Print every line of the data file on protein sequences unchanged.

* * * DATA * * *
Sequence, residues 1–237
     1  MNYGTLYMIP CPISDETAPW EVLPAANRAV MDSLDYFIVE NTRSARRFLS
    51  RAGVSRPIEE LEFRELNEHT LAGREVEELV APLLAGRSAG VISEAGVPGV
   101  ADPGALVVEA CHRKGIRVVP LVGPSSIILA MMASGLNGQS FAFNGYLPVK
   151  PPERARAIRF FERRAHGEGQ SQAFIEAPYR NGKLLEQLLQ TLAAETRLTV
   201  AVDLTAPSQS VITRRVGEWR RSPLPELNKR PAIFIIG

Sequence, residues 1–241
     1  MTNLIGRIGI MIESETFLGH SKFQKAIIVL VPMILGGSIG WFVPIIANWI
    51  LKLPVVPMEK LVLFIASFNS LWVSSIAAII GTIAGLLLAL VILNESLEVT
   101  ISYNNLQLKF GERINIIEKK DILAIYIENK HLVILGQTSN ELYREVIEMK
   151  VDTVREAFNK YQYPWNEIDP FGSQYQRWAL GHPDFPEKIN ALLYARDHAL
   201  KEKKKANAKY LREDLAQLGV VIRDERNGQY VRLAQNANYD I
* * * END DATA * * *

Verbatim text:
Sequence, residues 1–237
     1  MNYGTLYMIP CPISDETAPW EVLPAANRAV MDSLDYFIVE NTRSARRFLS
    51  RAGVSRPIEE LEFRELNEHT LAGREVEELV APLLAGRSAG VISEAGVPGV
   101  ADPGALVVEA CHRKGIRVVP LVGPSSIILA MMASGLNGQS FAFNGYLPVK
   151  PPERARAIRF FERRAHGEGQ SQAFIEAPYR NGKLLEQLLQ TLAAETRLTV
   201  AVDLTAPSQS VITRRVGEWR RSPLPELNKR PAIFIIG

Sequence, residues 1–241
     1  MTNLIGRIGI MIESETFLGH SKFQKAIIVL VPMILGGSIG WFVPIIANWI
    51  LKLPVVPMEK LVLFIASFNS LWVSSIAAII GTIAGLLLAL VILNESLEVT
   101  ISYNNLQLKF GERINIIEKK DILAIYIENK HLVILGQTSN ELYREVIEMK
   151  VDTVREAFNK YQYPWNEIDP FGSQYQRWAL GHPDFPEKIN ALLYARDHAL
   201  KEKKKANAKY LREDLAQLGV VIRDERNGQY VRLAQNANYD I